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Secret ballot not an option

The school closure process is not easy for anyone. From families planning for their children’s future to officials making decisions that will affect a large population, it can be a tense time all around.

However, it should also be a fully transparent exercise and the public’s right to know should not be impeded in any way.

The Hamilton-Wentworth District School Board appears to believe otherwise.

Over the next five years, the status of 80 of the board’s 95 elementary schools will be reviewed as the board seeks to cut 5,000 surplus pupil spaces.

Against the advice of Todd White, chair of the board’s policy committee, trustees last month voted to change its policy to allow members of accommodation review committees to cast secret ballots rather than vote openly through a show of hands or recorded vote.

It is clearly the wrong thing to do in a democratic society.

“In my opinion, every committee member around the table should have an open and transparent vote,” White correctly noted. “Many of the decisions will be controversial and many of the decisions will be split, but that being said, the communities that elect or select their representatives want to ensure that they’re voting in their best interest.”

Board chair Tim Simmons defended the policy change, indicating that  the idea was to ensure committee members feel “comfortable when making difficult decisions in a very public environment.” He also noted that ARC committee members are volunteering their time to help the school board make some very difficult decisions.

Ward 8 trustee Wes Hicks offered a confused take on the situation: “I think everybody has the right to vote their conscience and it doesn’t have to be public,” he said. “That’s the democratic way. You go into an election, you go in and you vote and your ballot is the way you believe it is.”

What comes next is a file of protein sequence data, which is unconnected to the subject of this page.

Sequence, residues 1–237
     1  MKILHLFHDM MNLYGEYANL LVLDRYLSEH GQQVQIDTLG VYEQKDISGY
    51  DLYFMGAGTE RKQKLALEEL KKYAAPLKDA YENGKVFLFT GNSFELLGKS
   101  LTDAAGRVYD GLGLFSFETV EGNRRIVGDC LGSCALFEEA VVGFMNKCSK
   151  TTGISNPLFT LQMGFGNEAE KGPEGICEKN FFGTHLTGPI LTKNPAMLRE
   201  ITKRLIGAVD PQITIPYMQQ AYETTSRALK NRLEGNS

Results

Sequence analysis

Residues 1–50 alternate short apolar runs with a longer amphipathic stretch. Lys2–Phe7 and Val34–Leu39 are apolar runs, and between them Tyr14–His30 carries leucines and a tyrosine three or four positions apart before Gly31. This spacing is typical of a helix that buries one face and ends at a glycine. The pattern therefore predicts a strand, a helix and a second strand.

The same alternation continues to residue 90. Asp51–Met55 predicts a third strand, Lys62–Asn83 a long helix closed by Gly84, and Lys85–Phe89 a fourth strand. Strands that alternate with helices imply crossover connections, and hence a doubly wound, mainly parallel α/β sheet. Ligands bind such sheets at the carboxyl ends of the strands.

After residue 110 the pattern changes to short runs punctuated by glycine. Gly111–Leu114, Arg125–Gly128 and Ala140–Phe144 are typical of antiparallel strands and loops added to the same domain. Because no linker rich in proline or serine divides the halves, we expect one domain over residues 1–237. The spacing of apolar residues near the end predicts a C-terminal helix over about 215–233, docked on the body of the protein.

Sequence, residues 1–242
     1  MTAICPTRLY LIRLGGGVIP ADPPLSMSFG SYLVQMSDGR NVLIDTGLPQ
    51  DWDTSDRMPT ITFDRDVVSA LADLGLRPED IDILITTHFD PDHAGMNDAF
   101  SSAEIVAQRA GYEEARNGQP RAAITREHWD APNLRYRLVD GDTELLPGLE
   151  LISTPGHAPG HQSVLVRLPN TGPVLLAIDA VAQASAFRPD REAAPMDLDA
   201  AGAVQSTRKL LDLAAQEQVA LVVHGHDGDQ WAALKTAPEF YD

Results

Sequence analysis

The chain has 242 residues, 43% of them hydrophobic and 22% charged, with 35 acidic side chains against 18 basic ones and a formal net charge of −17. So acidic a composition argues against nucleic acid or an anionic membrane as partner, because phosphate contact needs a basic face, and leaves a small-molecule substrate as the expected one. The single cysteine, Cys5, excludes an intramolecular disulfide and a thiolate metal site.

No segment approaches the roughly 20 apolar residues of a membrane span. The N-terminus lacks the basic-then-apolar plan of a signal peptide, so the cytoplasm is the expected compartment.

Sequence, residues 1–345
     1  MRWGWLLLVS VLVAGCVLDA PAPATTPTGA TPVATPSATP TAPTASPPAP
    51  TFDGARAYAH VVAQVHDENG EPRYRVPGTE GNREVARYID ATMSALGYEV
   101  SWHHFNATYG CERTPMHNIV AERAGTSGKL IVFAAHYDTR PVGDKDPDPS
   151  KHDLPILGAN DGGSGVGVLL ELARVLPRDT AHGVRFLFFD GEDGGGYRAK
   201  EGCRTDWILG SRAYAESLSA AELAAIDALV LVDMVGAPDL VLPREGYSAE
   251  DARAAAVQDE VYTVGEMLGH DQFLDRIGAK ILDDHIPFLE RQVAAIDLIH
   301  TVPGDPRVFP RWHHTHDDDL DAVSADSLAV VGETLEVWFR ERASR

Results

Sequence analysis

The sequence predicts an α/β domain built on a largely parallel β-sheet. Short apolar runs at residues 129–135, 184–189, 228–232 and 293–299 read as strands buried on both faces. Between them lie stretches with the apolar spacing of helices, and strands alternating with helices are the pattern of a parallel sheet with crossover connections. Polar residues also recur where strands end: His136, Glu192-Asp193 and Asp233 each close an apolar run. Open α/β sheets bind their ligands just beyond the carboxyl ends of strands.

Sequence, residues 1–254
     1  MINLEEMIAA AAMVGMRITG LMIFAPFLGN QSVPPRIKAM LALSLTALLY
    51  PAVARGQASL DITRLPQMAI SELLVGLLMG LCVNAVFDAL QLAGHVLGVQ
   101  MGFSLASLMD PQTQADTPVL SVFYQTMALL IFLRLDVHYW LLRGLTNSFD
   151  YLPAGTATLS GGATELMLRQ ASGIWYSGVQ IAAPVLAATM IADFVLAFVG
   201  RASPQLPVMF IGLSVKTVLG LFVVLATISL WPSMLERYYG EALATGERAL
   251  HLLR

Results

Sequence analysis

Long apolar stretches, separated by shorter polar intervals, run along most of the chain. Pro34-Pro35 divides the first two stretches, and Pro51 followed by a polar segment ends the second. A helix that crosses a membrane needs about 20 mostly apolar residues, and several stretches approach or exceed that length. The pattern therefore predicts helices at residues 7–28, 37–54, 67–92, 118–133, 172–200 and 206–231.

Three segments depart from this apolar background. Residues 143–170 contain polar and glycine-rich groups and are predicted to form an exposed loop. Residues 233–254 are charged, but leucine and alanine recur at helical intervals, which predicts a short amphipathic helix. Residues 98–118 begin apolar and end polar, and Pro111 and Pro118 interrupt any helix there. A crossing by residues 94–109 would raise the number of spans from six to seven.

Indeed, that is the process for regular citizens at a polling station, most definitely, but not for people elected or volunteering to serve on a public board or committee.

The premise of a secret ballot – to allow those participating to vote with their conscience without fear of repercussion – may seem to be the best way to gauge the lay of the land when it comes to dealing with an especially sensitive issue.

However, when it comes to casting a vote on behalf of the constituents who elected  trustees to serve their best interests, there is no question that every vote must be open and transparent no matter how contentious the issue, and that those who cast them are accountable to the people they represent.

It is imperative that the electorate is just as “comfortable” with the vote – and the decision-making process itself – as the person they elect

To clarify: the general public can cast their vote to elect an official in secret; those who serve us cannot.

Canadians expect — no, we demand — anyone making decisions on a public matter to do so in a transparent way. No exceptions.

Do you think the school board should allow committees to cast secret ballot votes on issues affecting the constituents they serve? Take our poll at  our home page on

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